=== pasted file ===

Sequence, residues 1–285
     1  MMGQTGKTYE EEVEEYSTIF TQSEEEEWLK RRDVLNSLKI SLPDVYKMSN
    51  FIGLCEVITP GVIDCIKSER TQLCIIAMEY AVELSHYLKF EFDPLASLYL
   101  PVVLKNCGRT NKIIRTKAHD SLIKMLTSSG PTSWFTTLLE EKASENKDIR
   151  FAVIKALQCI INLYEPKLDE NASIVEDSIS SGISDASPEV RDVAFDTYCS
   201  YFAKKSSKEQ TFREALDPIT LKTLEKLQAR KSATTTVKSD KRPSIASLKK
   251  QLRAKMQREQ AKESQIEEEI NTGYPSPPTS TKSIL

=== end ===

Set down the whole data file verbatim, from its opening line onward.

Sequence, residues 1–285
     1  MMGQTGKTYE EEVEEYSTIF TQSEEEEWLK RRDVLNSLKI SLPDVYKMSN
    51  FIGLCEVITP GVIDCIKSER TQLCIIAMEY AVELSHYLKF EFDPLASLYL
   101  PVVLKNCGRT NKIIRTKAHD SLIKMLTSSG PTSWFTTLLE EKASENKDIR
   151  FAVIKALQCI INLYEPKLDE NASIVEDSIS SGISDASPEV RDVAFDTYCS
   201  YFAKKSSKEQ TFREALDPIT LKTLEKLQAR KSATTTVKSD KRPSIASLKK
   251  QLRAKMQREQ AKESQIEEEI NTGYPSPPTS TKSIL